37 Social Work Practice with Older Adults This field unit provides field placements in a variety of agency, community, health care and institutional settings that primarily serve older adults. All of the field placements deal with issues of aging, community, mental health, policy, and institutions. The primary purpose of the field placement is to provide an opportunity for guided practical experience in social work settings so that students may acquire the knowledge, values, and skills essential for professional gerontological social work practice. This field unit provides opportunities for integrating theoretical content and knowledge with the practice experience. The practice perspective of the aging and mental health unit is generalist practice, which includes a problem-focused generalist approach with a special emphasis on: 1) direct service to older adults and their families; and 2) resource development and coordination. The course will continually analyze material with an ecosystem approach, building an understanding of micro, meso, and macro systems. Students have the opportunity to develop skills in working with the individual, with groups, and at multiple levels of the person-in-environment interface. For example, placements may provide experience for developing the following skills: engagement, assessment, intervention, counseling, termination, case management, crisis intervention, planning and program development, inter-professional collaboration, interdisciplinary teamwork, advocacy, mobilization of resources and group work. Students are placed in diverse settings, ranging the entire spectrum of services for the long-term care and support of older adults, from working in agencies whose primary focus is providing supportive services to help maintain older adults in their own homes, to more formal institutional settings such as nursing homes. Participating Agencies: Agrace Hospice, Alzheimers Association; Attic Angel Place; Badger Prairie Health Care Center; Care Wisconsin; Catholic Charities; Dane County Human Services Guardianship & Protective Placement; East Madison Monona Coalition of the Aging; Fitchburg Senior Center; the Geriatric Research Education and Clinical Center (GRECC) at the Veterans Administration Hospital; Jewish Social Service; North Eastside Senior Coalition; Retired Senior Volunteer Program; South Madison Coalition; St. Mary s Adult Day Center; St. Mary s Care Center; Oak Park Retirement Community; UW Health Geriatrics Clinic. Student Composition: Generalist Practice Year and Advanced Practice Year Field Faculty: Teresa Swader, UW-Madison School of Social Work Field Education Handbook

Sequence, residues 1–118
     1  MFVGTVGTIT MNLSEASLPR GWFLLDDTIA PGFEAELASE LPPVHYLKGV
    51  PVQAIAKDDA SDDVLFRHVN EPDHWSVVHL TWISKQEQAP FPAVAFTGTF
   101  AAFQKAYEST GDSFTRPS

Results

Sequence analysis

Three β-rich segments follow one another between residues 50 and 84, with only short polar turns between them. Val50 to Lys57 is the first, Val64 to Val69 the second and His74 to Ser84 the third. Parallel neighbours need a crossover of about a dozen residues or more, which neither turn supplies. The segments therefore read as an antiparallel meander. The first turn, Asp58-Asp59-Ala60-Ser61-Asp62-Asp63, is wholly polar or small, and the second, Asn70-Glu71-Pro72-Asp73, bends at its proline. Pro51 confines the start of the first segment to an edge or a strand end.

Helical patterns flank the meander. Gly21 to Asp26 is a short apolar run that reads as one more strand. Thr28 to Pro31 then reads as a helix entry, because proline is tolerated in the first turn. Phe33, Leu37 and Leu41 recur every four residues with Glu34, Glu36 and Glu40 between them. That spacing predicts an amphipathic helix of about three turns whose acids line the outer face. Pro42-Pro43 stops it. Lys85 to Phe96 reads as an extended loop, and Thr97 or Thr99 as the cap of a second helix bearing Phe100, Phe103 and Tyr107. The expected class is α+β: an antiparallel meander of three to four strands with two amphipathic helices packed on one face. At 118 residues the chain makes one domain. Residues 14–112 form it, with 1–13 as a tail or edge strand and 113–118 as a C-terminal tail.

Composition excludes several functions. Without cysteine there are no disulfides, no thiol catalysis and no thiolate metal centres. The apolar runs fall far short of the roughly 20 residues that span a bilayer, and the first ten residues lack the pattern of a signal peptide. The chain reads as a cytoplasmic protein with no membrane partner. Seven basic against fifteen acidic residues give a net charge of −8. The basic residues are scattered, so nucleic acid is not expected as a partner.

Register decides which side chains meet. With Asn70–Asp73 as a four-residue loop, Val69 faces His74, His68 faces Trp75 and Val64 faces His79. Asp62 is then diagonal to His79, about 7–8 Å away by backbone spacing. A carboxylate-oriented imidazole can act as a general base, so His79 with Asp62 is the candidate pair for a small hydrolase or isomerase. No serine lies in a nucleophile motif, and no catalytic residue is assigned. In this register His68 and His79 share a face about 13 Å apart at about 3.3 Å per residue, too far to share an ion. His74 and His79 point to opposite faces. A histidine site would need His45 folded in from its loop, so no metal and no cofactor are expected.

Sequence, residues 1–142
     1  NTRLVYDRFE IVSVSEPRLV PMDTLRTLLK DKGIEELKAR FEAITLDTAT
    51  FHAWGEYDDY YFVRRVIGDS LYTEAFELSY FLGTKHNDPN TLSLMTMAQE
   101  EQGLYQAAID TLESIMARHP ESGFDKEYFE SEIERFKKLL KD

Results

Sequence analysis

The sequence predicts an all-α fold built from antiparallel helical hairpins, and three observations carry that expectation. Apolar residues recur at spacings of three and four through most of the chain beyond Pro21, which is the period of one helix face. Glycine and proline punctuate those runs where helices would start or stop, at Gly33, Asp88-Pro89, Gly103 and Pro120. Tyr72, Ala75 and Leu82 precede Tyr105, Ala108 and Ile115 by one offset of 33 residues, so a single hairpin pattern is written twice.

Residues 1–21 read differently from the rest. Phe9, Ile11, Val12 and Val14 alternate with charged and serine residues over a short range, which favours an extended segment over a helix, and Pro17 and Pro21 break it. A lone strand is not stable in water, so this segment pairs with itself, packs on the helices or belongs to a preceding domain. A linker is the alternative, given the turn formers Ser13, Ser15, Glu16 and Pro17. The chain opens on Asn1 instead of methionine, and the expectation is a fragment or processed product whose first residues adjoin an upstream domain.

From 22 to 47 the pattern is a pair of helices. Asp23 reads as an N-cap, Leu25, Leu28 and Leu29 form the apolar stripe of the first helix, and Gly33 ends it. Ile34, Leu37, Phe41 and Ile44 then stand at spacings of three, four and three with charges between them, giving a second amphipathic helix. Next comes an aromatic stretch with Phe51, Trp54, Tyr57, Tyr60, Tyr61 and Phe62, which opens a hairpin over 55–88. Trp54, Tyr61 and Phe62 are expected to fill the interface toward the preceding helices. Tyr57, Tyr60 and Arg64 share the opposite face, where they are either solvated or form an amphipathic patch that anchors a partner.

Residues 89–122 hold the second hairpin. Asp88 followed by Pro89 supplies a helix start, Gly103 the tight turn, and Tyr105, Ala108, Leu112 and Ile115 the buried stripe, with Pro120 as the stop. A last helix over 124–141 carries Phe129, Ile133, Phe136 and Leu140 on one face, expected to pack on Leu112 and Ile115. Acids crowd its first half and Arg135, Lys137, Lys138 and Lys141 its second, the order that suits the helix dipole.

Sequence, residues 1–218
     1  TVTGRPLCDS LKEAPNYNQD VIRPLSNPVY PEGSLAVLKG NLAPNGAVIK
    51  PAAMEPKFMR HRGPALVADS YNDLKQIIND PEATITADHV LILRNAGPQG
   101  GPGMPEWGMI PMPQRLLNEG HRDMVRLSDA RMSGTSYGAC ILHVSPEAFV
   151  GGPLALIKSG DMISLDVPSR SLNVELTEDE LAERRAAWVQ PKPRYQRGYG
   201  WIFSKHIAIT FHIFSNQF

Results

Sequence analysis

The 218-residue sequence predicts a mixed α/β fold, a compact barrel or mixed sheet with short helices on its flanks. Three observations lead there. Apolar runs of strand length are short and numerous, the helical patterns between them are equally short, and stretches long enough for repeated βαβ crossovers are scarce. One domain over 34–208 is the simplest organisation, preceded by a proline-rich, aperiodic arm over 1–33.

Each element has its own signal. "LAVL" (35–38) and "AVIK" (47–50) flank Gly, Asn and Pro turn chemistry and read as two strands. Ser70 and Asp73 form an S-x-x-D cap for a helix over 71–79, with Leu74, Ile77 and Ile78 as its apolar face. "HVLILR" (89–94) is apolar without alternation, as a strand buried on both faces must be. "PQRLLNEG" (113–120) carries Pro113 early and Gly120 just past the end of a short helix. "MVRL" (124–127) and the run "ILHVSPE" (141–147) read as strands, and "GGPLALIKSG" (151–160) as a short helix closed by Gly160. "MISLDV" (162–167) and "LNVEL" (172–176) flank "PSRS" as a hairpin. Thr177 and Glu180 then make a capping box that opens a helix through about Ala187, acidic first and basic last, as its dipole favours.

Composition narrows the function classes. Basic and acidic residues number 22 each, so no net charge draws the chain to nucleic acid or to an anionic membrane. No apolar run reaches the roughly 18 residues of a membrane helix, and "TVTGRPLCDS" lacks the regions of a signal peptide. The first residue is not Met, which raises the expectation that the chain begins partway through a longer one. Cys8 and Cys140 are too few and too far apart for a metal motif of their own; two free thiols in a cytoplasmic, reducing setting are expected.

38 Social Work Practice in Policy and Administration Students in the Policy and Administration unit obtain knowledge about socio-political systems, as well as analytic and interaction practice skills for policy and planning. Major areas of content are concepts of policy formulation, analysis, and change. This field unit provides placements in a variety of government organizations, human services agencies, and community settings. The perspective is that of macro-practice within the social work profession. Emphasis for the second year student is on the consolidation of advanced competencies in the area of social policy and administration. This field unit exposes students to information about the concepts and events in the development of social policy and administration and the impact on human services organizations and clients. Emphasis is on looking at policy issues from multiple viewpoints at various levels of policymaking and implementation. Specific areas of learning and skill development within the generalist social policy practitioner model include: political and policy analysis; policy briefings and report writing; legislative advocacy; program planning, budgeting, implementation, and evaluation; coalition building and management and administration of Human Service agencies. Participating Agencies: United Way of Dane County, Department of Workforce Development, Wisconsin State Legislature, Wisconsin Association of Primary Health Care Agencies, WI Department of Health Services, Veterans Administration Hospital, Center for Family Policy and Practice, Community Groundworks, Madison Metropolitan School District, Dane County Department of Human Services. Student Composition: Advanced Practice Year Field Faculty: Ron Chance, UW-Madison School of Social Work Field Education Handbook